A Georgia police department and one of its officers has been sued for arresting three people based on a report by a "drug recognition expert" who accused each of driving under the influence of marijuana.
The American Civil Liberties Union of Georgia filed the lawsuit earlier this week in federal court in Atlanta against the Cobb County Police Department, arguing that the plaintiffs' Fourth Amendment rights against unlawful seizures were violated.
The three plaintiffs — Katelyn Ebner, Princess Mbamara and Ayokunle Oriyomi — were falsely arrested, forced to have blood drawn and trapped in jail for hours "simply because a police officer had a hunch, based on deeply flawed drug-recognition training, that they might have been smoking marijuana," said Sean J. Young, the ACLU's legal director.
"At no point did the police officer seek to obtain a warrant or suggest that they were endangering public safety. None of the plaintiffs were under the influence of marijuana, and all tested negative for any cannabinoid metabolites," the lawsuit said.
Months later, prosecutors dismissed the charges in each case, Young said.
Ebner, 25, of Kennesaw, had no arrest record prior to this case; Mbamara, 27, is an immigrant from Lagos, Nigeria and currently a student at Atlanta Metropolitan State College; and Oriyomi, 21, of Powder Springs, is currently a student at Auburn University.
"All three plaintiffs now have public arrest records that they will have to explain to schools, landlords and employers for the rest of their lives," the lawsuit said.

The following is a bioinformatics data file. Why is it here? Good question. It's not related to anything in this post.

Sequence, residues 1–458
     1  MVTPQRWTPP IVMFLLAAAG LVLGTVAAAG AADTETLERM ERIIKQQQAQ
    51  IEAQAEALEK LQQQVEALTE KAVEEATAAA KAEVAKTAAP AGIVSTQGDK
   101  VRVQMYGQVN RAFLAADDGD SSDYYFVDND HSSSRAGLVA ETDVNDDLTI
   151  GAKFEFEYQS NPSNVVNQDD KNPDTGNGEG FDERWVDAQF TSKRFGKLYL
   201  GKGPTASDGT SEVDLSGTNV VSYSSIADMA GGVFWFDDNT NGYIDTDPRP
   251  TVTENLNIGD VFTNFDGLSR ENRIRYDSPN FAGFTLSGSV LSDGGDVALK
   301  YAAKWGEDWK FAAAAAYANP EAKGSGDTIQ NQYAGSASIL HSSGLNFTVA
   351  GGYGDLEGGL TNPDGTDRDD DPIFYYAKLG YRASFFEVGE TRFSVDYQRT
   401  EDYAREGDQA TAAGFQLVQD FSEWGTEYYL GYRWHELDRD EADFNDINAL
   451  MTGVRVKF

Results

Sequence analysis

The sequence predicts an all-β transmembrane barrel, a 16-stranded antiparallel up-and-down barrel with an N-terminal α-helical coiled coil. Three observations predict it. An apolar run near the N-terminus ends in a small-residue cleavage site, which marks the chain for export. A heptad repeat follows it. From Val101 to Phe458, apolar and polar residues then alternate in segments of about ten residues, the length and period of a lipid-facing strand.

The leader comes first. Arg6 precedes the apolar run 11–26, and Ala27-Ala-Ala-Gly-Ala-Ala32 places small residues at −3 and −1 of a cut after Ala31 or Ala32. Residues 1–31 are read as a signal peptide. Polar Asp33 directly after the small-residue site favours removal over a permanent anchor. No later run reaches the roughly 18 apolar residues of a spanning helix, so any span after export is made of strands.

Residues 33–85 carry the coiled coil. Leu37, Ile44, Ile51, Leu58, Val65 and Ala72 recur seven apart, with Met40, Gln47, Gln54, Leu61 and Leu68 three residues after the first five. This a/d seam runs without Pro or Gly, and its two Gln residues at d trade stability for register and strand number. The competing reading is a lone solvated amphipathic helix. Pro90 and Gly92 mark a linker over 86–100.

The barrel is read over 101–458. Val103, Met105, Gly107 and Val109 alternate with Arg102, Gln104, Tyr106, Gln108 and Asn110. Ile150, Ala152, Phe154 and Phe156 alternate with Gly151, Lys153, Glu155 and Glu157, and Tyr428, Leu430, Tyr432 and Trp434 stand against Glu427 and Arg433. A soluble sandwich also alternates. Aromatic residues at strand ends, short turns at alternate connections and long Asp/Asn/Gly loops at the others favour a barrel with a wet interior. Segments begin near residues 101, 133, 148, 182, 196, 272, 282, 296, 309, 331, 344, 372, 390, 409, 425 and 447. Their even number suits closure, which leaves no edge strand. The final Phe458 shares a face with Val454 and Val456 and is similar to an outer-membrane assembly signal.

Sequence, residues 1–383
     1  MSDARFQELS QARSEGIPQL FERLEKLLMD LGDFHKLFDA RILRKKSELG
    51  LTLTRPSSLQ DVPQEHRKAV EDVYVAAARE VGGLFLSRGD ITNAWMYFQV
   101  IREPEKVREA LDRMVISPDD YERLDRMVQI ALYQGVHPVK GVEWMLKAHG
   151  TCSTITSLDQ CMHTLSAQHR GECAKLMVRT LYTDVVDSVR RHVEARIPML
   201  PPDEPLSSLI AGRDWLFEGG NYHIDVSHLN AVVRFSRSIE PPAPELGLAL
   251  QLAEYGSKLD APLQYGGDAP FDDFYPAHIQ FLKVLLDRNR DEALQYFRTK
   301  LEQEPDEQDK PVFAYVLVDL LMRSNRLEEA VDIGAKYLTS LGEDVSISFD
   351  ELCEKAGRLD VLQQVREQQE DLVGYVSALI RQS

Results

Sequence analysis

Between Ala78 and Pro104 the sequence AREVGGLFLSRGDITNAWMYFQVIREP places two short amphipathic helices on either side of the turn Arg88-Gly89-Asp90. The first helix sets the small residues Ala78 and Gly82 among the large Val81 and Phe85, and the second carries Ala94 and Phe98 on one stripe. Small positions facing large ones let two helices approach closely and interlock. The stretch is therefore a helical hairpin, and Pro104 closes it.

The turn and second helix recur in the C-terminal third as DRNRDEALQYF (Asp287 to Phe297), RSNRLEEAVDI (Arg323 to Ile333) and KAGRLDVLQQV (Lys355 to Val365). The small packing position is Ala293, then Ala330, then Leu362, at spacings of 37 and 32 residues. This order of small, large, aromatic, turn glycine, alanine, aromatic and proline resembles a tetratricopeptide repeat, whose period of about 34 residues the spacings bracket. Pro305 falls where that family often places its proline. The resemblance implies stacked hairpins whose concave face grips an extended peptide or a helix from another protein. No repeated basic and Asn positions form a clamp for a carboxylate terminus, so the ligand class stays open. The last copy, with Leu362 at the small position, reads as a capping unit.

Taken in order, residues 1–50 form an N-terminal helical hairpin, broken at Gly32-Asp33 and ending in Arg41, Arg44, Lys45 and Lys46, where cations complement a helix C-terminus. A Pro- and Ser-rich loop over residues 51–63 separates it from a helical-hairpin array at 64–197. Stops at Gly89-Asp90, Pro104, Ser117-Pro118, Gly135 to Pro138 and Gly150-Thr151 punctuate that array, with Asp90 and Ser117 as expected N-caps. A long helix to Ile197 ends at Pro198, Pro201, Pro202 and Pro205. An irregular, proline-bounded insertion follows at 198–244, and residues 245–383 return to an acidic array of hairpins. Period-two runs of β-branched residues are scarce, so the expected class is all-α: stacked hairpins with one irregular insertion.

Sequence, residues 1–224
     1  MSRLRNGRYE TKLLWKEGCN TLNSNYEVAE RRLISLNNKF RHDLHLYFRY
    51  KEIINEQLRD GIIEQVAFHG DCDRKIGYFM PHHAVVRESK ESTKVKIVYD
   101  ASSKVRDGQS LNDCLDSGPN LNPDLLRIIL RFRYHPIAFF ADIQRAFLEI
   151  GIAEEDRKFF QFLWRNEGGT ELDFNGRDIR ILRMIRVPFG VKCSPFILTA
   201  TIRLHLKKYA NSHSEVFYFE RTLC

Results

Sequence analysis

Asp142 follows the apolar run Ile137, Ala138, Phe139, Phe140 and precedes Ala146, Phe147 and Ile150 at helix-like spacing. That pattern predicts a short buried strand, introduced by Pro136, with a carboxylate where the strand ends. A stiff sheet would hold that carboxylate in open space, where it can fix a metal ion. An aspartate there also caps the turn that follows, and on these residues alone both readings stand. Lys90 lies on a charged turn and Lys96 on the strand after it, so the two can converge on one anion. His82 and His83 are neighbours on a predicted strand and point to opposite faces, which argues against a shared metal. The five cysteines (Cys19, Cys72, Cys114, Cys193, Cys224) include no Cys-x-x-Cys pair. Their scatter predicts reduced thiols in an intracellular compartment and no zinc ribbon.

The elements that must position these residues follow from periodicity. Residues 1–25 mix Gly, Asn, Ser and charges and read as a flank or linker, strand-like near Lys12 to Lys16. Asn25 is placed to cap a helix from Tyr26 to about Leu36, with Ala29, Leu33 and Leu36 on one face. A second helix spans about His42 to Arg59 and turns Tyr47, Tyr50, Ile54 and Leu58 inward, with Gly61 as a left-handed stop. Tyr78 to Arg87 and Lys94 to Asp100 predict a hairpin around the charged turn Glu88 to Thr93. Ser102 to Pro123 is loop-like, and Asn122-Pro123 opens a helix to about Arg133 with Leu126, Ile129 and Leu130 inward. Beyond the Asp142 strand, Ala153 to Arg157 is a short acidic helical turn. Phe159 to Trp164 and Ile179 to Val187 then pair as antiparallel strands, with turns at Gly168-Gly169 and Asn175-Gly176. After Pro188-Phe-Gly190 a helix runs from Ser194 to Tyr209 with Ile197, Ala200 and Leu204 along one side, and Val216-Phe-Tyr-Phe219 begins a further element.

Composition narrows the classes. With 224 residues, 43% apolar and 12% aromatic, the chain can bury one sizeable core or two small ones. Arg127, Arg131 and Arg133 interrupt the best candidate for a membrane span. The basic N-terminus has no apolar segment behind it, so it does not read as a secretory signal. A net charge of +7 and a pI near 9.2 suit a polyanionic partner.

A police spokesman did not immediately respond to an emailed request for comment.
The police officer, Tracy "T.T." Carroll, is one of the department's certified drug recognition experts. He either stopped or participated in a stop of each of the plaintiffs on three separate occasions for "failing to maintain lane."
"Defendant Carroll did not perform the 12-Step DRE Protocol that was ostensibly created for the purpose of detecting whether someone has been driving under the influence of drugs. Instead he performed a watered-down version of the test" and arrested each of the plaintiffs for driving under the influence of drugs, the lawsuit said.
Carroll was never reprimanded or disciplined for failing to follow DRE Protocol or for making the arrests, the ACLU said.
"Carroll's pattern and practice of enforcing DUI-drug infractions was to arrest an individual based on nothing more than a hunch, which would be invariably ratified by the results of an ad hoc smattering of tests he administered which were divorced from any rigorous methodology and were without the foundational underpinning necessary to amount to legal justification to arrest," the lawsuit said.
"The way that Cobb County Police Officers, such as defendant Carroll, are taught to and do administer their testing for the detection of impairment by drugs is designed to make innocent behavior appear incriminating and to make exculpatory behavior appear irrelevant."
The lawsuit seeks obtain compensatory and punitive damages as well as attorneys' fees.